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Selected Publication:

Pichler, J; Hesse, F; Wieser, M; Kunert, R; Galosy, SS; Mott, JE; Borth, N.
(2009): A study on the temperature dependency and time course of the cold capture antibody secretion assay.
J Biotechnol. 2009; 141(1-2):80-83 FullText FullText_BOKU

The cold capture assay as described by Brezinsky et al. [Brezinsky, S.C.C., Chiang, G.G., Szilvasi, A., Mohan, S., Shapiro, R.I., MacLean, A., Sisk, W., Thill, G., 2003. A simple method for enriching populations of transfected CHO cells for cells of higher specific productivity. J. Immunol. Methods 277, 141-155] stands out as the most simple of single cell secretion assays which can be used to sort for high productivity in recombinant cell lines. At low temperatures the process of protein release from transport vesicles is assumed to be delayed as both vesicle fusion and product release is slowed, so that secreted proteins can be stained on the cell surface using a fluorescent antibody. Typically, the fluorescent signal obtained correlates to the cell specific production rate of the analysed cell. In the present study we compared staining of human antibody producing CHO cells performed at different temperatures and we observed the fluorescent signal over 24 h. We found that the staining temperature did not influence signal intensity. The fluorescent signal was stable for 24h at 4 degrees C, decreased to 80% at room temperature (21 degrees C), while it decreased significantly already after 2 h at 37 degrees C. Initially, the fluorescent signal was observed on the cell surface, however, at later stages it was found in compartments in the cytoplasm. Finally we compared differences in signal stability depending on whether the antibody used for staining bound to the light or heavy chain of the product and on whether the fluorescent label was a relatively stable protein (phycoerythrin) or a pH-dependent small molecule (FITC). Our results indicate that the secreted product is trapped by the staining antibody on the cell surface at all temperatures. Subsequently these aggregates are endocytosed by the cells, a process which is slowed down at low temperatures. (C) 2009 Elsevier B.V. All rights reserved.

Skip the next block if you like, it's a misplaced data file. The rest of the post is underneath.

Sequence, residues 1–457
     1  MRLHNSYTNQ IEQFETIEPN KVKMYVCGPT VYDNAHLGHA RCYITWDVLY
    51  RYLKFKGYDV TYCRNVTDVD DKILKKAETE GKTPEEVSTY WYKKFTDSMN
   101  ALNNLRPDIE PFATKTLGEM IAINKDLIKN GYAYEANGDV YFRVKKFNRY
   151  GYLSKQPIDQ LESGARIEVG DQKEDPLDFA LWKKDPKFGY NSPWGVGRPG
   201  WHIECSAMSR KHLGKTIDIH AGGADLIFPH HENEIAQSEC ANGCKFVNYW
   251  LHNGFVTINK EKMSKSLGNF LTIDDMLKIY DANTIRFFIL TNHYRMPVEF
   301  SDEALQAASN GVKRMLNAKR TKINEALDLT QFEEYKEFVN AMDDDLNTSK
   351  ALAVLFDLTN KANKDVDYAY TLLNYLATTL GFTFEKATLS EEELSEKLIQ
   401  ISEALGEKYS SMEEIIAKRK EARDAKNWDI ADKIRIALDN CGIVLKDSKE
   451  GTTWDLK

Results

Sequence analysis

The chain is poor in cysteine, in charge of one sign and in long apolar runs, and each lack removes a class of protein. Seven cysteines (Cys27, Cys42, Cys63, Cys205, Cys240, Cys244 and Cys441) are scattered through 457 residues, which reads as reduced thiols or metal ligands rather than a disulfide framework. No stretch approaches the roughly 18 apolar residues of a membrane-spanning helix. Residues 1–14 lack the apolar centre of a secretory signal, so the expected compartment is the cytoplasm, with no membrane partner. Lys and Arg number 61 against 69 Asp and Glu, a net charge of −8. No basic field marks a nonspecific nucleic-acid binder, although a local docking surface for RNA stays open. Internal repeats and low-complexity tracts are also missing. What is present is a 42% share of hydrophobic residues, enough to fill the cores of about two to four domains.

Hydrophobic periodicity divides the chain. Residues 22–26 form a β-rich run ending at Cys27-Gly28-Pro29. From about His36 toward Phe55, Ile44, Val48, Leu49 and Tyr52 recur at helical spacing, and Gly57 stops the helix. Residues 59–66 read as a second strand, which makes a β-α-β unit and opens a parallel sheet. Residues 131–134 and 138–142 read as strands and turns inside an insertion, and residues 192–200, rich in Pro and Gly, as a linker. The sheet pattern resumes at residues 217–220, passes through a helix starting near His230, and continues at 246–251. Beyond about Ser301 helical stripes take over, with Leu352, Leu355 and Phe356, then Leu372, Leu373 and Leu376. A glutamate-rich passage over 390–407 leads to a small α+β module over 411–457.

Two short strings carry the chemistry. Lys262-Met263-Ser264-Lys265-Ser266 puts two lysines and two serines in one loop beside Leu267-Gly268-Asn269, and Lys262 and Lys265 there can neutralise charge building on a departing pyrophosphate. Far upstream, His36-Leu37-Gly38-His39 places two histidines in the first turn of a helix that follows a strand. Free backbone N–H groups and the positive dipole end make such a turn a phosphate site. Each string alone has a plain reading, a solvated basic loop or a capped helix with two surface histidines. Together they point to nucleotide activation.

Authors BOKU Wien:
Borth Nicole
Hesse Friedemann
Kunert Renate
Pichler Johannes
Wieser Matthias
BOKU Gendermonitor:

Find related publications in this database (using NML MeSH Indexing)
Animals -
Antibodies - chemistry
CHO Cells - cytology
Cell Survival -
Cricetinae -
Cricetulus -
Flow Cytometry - methods
Microscopy, Fluorescence -
Temperature -
Transfection -

Find related publications in this database (Keywords)
Flow cytometric cell sorting
High production rates
Single cell secretion assay
Recombinant CHO cells

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